Bifani To Financial Times: Bankers Smuggled $6 Billion Out Of Lebanon

Instagram/Libnannews | Bloomberg/Seong Joon Cho

Bankers have smuggled up to $6 billion outside Lebanon since October, former Director-General of the Ministry of Finance Alain Bifani told the Financial Times.

In an interview with the newspaper, Bifani claimed that the banking elite had been trying to “continue to benefit from the system” without taking any loss while causing the Lebanese today to “pay a terrible price.”

Basing the estimate on his interpretation of the figures and consultation with Lebanon’s banking control authority, the resigned civil servant said that $5.5bn-$6bn had been “smuggled outside the country by bankers who would [not allow] every other depositor to take $100.”

Since late 2019, banks across Lebanon started to impose unofficial capital controls to limit the transfer of capital abroad as the Lebanese pound began to crumble before the U.S. dollar.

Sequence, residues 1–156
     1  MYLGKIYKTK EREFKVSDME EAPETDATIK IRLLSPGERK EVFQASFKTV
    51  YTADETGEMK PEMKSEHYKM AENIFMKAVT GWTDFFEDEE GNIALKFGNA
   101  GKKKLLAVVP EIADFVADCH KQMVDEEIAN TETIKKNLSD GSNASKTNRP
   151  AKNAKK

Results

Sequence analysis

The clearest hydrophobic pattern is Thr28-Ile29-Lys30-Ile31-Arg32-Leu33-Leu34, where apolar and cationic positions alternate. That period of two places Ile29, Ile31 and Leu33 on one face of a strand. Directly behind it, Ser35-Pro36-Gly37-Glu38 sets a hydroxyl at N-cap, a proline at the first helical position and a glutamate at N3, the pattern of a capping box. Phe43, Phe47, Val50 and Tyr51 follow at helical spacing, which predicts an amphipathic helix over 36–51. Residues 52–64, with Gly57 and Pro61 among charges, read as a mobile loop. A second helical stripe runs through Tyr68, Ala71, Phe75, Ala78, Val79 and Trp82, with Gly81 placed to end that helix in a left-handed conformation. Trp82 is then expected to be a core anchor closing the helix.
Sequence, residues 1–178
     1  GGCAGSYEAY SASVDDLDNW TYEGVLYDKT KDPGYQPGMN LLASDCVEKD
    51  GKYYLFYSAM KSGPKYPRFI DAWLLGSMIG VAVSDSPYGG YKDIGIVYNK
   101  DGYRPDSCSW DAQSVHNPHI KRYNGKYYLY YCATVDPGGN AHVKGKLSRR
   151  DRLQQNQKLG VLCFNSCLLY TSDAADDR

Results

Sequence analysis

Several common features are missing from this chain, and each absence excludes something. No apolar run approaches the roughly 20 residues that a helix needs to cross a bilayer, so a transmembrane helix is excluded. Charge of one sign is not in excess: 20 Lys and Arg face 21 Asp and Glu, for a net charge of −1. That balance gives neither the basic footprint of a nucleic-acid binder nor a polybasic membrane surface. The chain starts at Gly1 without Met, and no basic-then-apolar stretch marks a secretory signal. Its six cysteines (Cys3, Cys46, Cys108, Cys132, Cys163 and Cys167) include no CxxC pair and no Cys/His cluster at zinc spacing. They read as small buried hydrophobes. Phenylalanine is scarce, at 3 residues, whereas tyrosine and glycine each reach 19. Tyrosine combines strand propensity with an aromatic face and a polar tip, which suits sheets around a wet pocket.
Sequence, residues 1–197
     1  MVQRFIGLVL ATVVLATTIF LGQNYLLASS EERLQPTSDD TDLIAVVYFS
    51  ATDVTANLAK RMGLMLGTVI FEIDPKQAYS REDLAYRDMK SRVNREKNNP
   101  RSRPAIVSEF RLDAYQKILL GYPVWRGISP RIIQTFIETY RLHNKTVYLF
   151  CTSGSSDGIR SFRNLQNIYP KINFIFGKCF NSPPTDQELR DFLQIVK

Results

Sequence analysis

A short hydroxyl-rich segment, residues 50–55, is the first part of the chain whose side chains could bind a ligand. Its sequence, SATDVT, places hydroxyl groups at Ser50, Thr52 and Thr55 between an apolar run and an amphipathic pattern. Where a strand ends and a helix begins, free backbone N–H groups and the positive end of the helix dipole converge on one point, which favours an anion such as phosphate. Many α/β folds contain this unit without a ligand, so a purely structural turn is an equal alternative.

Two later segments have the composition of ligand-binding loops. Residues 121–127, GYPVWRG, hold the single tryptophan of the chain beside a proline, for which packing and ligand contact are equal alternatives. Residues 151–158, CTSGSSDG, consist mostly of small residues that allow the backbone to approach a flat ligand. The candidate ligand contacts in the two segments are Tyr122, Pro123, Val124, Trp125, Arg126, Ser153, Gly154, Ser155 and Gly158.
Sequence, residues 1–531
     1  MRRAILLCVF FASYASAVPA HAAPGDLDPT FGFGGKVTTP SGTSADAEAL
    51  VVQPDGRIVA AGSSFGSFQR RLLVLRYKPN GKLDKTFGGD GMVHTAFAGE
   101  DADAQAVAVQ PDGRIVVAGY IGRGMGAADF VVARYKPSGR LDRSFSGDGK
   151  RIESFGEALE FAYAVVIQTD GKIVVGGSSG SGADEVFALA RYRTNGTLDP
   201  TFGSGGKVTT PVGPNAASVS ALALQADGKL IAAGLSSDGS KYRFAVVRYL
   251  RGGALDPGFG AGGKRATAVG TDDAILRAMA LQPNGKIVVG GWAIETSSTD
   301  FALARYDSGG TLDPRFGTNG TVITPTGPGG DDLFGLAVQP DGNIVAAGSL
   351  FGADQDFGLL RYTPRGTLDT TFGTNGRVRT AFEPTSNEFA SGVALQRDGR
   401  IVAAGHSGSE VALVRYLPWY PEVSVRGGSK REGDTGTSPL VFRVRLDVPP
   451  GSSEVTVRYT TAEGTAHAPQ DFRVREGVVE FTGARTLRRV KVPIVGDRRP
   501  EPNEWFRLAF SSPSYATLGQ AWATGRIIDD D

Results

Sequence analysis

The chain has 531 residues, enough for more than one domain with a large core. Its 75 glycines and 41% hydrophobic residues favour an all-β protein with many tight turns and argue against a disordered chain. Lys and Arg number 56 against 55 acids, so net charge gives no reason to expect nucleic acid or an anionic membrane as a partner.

These informal restrictions were circumvented when the aforementioned billions were smuggled outside the country, Bifani claimed.

On that note, a new capital control draft bill was recently revealed to be pending submission to Parliament for approval.

It’s worth mentioning that the implementation of capital controls has been a major condition for the International Monetary Fund’s financial aid to the Lebanese government.

However, the latter’s seeming lack of seriousness, indicated by both Bifani and the first Lebanese-negotiator to resign, and echoed by IMF officials, has been hindering the negotiations for the Fund’s support.

Having recently resigned from his director-general position of 20 years, Alain Bifani accused a “dirty money elite” of politicians and bankers of shifting the losses massively to the population through the fall of the Lebanese pound.

On the black market, Lebanon’s national currency has depreciated by 80% against the U.S. dollar, which has become a rare commodity in the country’s local market.

With that in mind, some Lebanese are turning to real estate as a supposed safe investment that allows them to make use of their frozen, endangered money in local banks.

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